225. Memorandum for the Record1


  • Discussion with the President alone on 28 April 1965—12:00 Noon
I told the President that time had not permitted me to take Admiral Raborn abroad to introduce him to our counterparts with whom we work very closely in a number of European and Asian countries. I explained to the President that in discussing this subject with Secretary Rusk, he had felt that the trip might well be postponed for a variety of reasons, not the least of which was the need for Admiral Raborn to be close by during the next few weeks. We therefore plan to [Page 502] make the trip about the middle of June, assuming that indications at that time are such that a trip of this nature would be useful from the standpoint of the Government and the Agency, and desired by Admiral Raborn. It was agreed this was probably a good idea; final decision was left to a later date.
I raised the question of the importance of the President receiving intelligence information in person, and orally, in addition to receiving it through a written report, and recommended that some plan be worked out so that this could be done in the presence of the Secretary of State, the Secretary of Defense and the President’s Special Assistant for National Security Affairs, McGeorge Bundy. I said that if this were done, then he would receive the benefit of the opinions of the individuals and the interpretations that they placed on the intelligence reports and estimates and I thought this would be very much more valuable for him rather than only accepting the written report. I then recommended that Admiral Raborn appear at the Tuesday luncheon meetings, that they be scheduled so that items of interest to him would be first on the agenda and once disposed of, he could leave, because I recognized that a great many subjects arose at the Tuesday meetings which were not within the Admiral’s area of interest or province of activity. The President agreed with the suggestion and indicated his intention to work something out along the above suggested lines, or some alternative thereto.2 However, obviously, he could not be totally committal without discussing the idea with the interested parties.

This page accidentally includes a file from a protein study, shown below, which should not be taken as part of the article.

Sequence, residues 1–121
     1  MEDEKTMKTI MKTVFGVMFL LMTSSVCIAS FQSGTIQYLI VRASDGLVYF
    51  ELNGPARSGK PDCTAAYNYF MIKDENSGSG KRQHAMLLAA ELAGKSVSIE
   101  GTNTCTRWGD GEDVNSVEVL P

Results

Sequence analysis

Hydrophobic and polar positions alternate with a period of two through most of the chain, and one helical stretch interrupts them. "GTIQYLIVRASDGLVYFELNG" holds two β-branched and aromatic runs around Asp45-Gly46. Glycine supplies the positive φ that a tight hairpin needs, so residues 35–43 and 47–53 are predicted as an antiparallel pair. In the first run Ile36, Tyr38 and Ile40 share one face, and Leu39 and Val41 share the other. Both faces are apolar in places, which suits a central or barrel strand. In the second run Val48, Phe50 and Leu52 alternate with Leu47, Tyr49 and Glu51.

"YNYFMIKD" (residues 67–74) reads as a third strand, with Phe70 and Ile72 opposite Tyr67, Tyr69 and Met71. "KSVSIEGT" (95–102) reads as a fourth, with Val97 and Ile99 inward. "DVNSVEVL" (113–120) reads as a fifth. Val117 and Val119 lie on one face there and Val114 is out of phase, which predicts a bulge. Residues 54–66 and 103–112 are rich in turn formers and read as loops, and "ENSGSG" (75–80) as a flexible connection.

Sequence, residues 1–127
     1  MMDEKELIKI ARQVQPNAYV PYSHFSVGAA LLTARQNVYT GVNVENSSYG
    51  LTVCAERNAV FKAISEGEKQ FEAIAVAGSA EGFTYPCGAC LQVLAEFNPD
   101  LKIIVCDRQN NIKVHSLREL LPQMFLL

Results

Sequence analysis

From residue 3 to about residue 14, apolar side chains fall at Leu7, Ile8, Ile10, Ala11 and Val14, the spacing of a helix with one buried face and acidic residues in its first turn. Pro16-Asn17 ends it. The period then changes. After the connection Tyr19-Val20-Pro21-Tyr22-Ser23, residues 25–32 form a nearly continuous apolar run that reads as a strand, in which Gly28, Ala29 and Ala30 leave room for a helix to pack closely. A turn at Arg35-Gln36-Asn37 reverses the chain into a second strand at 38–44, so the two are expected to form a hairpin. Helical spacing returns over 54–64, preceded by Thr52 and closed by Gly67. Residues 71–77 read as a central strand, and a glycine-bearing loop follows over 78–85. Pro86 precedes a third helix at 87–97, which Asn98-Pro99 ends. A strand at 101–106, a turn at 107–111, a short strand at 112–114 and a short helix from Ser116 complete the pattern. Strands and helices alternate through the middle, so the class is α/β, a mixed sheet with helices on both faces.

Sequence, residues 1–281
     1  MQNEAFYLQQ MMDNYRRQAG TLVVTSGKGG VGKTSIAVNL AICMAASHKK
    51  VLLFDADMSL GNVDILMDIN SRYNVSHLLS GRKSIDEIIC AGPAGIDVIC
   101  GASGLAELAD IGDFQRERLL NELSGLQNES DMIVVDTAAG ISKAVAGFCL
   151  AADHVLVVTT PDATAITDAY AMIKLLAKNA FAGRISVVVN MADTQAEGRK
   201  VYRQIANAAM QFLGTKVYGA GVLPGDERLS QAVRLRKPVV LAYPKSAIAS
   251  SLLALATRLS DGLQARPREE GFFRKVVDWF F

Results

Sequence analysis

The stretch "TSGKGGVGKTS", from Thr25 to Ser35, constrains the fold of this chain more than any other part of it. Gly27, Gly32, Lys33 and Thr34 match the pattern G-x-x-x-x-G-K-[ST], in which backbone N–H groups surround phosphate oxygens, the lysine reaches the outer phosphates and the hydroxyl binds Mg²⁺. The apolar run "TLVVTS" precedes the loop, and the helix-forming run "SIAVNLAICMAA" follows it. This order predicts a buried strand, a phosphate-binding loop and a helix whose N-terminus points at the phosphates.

I then called the President’s attention to the letter I had written him3 in reference to the January 1962 letter from President Kennedy. This had been transmitted to President Johnson on 26 April 1965. I said that if Johnson concurred in the concept of President Kennedy with respect to the role and activities of the DCI, then a similar letter should be issued. The President felt this would be in order and this subject was subsequently discussed with Mr. Bundy. I would expect the President would act in this regard promptly although he will wish to coordinate the letter carefully with Messrs. Rusk, McNamara and Bundy.

[Omitted here is unrelated material.]

  1. Source: Central Intelligence Agency, DCI (McCone) Files, Job 80–B01285A, DCI Meetings with the President. Secret; Eyes Only. Prepared by McCone.
  2. Raborn attended five Tuesday luncheons during 1965 and one during 1966 prior to leaving office on June 30. (Johnson Library, President’s Daily Diary)
  3. Document 224.